I used to bake on Saturdays, baking enough bread for the whole week. We froze it to keep it fresh till we needed it. But freezing destroys some of the vitamins in whole wheat flour, so now I bake bread every other day or so.
I just put today's batch of bread in the oven. Just recently I changed my ever-evolving bread recipe--again. Last week we bought a used grain grinder from friends of ours. My wheat grinder works well, but only for small grains like wheat, rice and barley. I needed something for larger grains like corn and dried beans. (No, beans aren't a grain, but they do go well in bread.)
I still had some dried sweet corn from two summers ago, so when Josiah brought home the new grinder, we tried running that through. It made good cornmeal, but not as fine as I wanted for bread flour. So we ran the grindings through my wheat grinder. It turned out well.
There is a pleasant sense of satisfaction that comes from baking bread using corn you plant, hoe, water, pick, husk, dry, shell and grind into flour yourself. Sort of like the Little Red Hen. Next we're going to try field corn Elijah and Ben gleaned from a nearby corn field. Like Ruth and Naomi.
So here's my current recipe, which is subject to change. If you don't have a grain grinder or a friend with a grain grinder, just use all wheat flour.
Whole Grain Variety Bread
Makes 4 loaves
5 cups very hot tap water
1 cup rolled oats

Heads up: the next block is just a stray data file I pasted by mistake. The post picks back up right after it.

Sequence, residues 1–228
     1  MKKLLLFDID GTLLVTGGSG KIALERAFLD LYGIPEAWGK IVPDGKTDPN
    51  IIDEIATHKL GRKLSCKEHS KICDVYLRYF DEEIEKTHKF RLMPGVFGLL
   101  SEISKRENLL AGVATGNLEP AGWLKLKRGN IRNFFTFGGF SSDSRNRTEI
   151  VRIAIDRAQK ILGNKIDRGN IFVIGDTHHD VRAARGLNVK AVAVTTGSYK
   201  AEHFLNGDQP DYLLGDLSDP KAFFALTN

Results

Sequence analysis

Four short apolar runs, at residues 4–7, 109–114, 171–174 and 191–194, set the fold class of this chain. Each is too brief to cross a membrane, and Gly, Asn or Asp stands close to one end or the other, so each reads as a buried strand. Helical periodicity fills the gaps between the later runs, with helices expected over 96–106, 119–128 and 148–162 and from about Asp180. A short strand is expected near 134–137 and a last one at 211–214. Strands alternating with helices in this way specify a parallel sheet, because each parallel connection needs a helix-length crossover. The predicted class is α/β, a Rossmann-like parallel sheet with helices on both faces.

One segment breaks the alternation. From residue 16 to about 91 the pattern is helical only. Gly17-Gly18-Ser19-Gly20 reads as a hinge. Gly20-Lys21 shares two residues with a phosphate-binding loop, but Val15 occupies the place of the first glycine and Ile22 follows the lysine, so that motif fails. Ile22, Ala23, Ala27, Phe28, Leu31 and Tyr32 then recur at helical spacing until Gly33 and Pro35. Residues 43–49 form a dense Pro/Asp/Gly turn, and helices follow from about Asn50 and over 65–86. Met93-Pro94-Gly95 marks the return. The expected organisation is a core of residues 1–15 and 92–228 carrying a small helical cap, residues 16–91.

4 cups whole wheat flour
3 cups variety flour made from any other combination of grains and/or dried beans
2 tablespoons yeast
1 tablespoon salt
1/2 cup oil
1/2 cup honey
3-4 cups or so unbleached flour
Add unbleached flour, 1 or 2 cups at a time, until the dough is stiff enough to knead. Scrape out the dough onto the table. I use a hard plastic scraper to get as much as I can out of the bowl and off the mixing spoon. Then I use flour to rub off the rest. This eliminates a gooey mess in the sink.
Knead in more unbleached flour until the dough is no longer sticky, but still just a little bit tacky. Too much flour makes a drier, more crumbly loaf; not enough makes the dough too sticky to handle well.
Pour about a couple tablespoons of oil in the bottom of the mixing bowl. Put the ball of dough in and turn it around so that all of the dough is coated with oil. Cover loosely with a lid or damp dish towel. Let it rise until it's at least doubled. I usually get busy with other things and forget about it, only to turn around and see the dough lifting the lid and bulging out.
Dump the dough out on the table and punch it flat. If you have little children in your house, let them wash their hands and punch. They love it. They can also help you grease four bread pans with butter. (Oil doesn't coat the pans well enough.) Divide the dough into four pieces and roll them into loaf shapes. When you do this, make sure you're getting rid of any air pockets. Put into pans and put into the cold oven. The oven rack should be one notch lower than middle.
Turn the oven on to 350-375 (depends on how hot your oven is--the temp. should be 375, but my oven heats hotter than the setting, so I set it for 350). Set the timer for 40 minutes. The bread should be done when the timer goes off. You want a loaf that is nicely browned all over.
Turn the bread out onto a wire rack to cool. You can slice thinner slices after it's cool, or you can slice it thicker and enjoy wonderful fresh hot bread right away.
The cry of "Fresh bread!" will bring your children, your neighbours' children and the friends who just pulled in to see the work being done on your house flocking around. Don't be surprised if one or two loaves disappear before your very eyes. Take it as a compliment and start the whole process again the next day.